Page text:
A look at the Vikings' schedule in 2010 shows their shortcomings, but a look ahead provides reason for hope. Plus, get more than three dozen notes that help tell the story of the season finale and the struggles of Brett Favre and Adrian Peterson this year.
When the Vikings and Saints opened the 2010 regular season, there were high expectations that both would return to the NFC Championship Game. While the Saints were far from dominant, they made the playoffs with an 11-5 record and will likely be favored against whoever wins the NFC West title Sunday night.
The Vikings, on the other hand, went into the tank as badly as any team since the 2001 Vikings took a nosedive following NFC Championship Games in two of the previous three seasons. For just about everyone involved, the 2010 Vikings season was something they wish was like Season 8 of the TV show "Dallas" – in which it turned out everything that happened was just a bad dream.
It wasn't for the Vikings. There was little to get excited about in 2010, and the Vikings hit rock bottom in their division for the first time in 20 years.
With their loss to the Lions, the Vikings finished last in the NFC North for the first time since 1990 – a year when the four current NFC North teams finished tied at 6-10, while Tampa Bay won the NFC Central Division title with a record of 11-5.
The Vikings' fall from grace saw them string together just one two-game winning streak, while losing back-to-back games four times. The offense was ineffective, the defense held its own but would eventually wear down in games, and that magic they captured in 2009 was horribly missing this season.
A year ago, the Vikings averaged 29 points a game. This season, they scored 29 or more points just once and that was against 4-12 Buffalo. Of their six wins, the only team the Vikings beat that didn't lose 10 or more games was Philadelphia last Tuesday. Other than that, their wins came against Detroit (6-10), Dallas (5-11), Arizona (5-11), Washington (6-10) and Buffalo (4-12).
By the end of tonight's game between the Rams and Seahawks, we will know where the Vikings will be slated to draft – seven teams will have a worse record than the Vikings' 6-10 mark and handful of others will likely end up at 6-10 – but one thing we do know is who the Vikings will play next year.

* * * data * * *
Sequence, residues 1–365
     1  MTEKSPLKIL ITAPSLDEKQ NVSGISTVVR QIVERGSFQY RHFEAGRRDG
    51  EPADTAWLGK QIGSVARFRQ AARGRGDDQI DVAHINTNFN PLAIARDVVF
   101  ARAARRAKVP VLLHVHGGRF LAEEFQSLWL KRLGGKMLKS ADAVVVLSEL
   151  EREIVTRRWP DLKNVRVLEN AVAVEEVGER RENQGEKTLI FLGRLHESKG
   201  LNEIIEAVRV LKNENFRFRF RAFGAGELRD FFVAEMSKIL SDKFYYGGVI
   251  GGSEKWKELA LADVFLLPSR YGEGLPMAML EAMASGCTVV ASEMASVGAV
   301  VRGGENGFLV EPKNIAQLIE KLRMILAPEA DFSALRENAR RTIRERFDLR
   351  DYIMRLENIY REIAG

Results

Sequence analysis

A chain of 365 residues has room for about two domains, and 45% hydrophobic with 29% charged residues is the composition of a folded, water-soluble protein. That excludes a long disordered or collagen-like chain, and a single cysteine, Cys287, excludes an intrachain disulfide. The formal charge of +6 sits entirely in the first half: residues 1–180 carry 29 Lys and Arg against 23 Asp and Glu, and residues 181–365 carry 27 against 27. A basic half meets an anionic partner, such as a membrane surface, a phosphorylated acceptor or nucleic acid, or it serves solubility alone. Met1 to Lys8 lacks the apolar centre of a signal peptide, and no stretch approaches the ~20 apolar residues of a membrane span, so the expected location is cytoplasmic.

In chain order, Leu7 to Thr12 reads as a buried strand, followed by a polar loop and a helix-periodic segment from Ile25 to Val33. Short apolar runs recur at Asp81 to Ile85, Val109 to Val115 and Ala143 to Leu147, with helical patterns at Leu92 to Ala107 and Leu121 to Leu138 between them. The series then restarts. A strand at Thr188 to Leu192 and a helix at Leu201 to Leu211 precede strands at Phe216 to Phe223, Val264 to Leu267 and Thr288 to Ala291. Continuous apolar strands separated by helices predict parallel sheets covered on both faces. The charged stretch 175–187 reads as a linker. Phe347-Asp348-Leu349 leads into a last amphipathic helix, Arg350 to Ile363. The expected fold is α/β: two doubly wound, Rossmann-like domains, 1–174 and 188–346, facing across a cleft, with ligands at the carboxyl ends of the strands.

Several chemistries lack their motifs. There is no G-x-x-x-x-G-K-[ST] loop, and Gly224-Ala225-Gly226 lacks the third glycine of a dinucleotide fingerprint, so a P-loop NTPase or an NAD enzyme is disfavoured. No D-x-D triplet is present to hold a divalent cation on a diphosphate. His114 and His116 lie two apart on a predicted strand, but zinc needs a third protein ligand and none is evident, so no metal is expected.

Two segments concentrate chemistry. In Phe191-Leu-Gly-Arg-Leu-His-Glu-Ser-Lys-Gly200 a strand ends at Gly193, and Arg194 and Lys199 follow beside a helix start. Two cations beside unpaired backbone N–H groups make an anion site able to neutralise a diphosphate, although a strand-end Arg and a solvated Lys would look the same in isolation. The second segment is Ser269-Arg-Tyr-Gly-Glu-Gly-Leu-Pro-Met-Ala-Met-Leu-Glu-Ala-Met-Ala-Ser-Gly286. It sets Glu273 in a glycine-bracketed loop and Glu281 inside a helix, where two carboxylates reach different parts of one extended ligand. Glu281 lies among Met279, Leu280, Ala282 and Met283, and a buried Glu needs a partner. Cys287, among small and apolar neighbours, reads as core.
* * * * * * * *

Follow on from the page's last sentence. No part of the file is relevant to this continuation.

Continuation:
If the season comes off as planned with a full 16-game schedule, it will be considerably less imposing than what they ran up against this year with the AFC and NFC East as their non-division opponent roster.
The schedule won't be easy – their home schedule will be Chicago, Green Bay, Detroit, New Orleans, Tampa Bay, Denver, Oakland and Arizona; their road schedule will be Chicago, Green Bay, Detroit, Atlanta, Carolina, Kansas City, San Diego and Washington – but it won't include the kind of Murderer's Row that was involved in the 2010 schedule.
Their season that began with so much promise ends with Chicago and Green Bay both in the playoffs and the only team hotter in the final four weeks than the Patriots being the Lions. It's not going to be an easy transition from 2010 into 2011, but the Vikings have the core players to get the job done – a schedule that looks to be markedly easier (only three playoff teams in the 10 non-division games) and the chance to keep the band together with Frazier as head coach.
In many ways, the Vikings will try to wake up in the shower tomorrow like Bobby Ewing and pretend it was all just a bad dream and get on with their lives. It would be safe to say that the new year couldn't come early enough for the Vikings because the old year is gone and trying to be forgotten already for those who endured it.
Sunday's loss snapped a six-game Vikings winning streak against Detroit and a streak that had seen the Vikings win 16 of the previous 17 games.
Brett Favre was on the inactive list, leaving him with 13 starts in his final season and the worst passer rating of his career (69.9). The last time he was that bad was in 2005, when he had a passer rating of 70.2.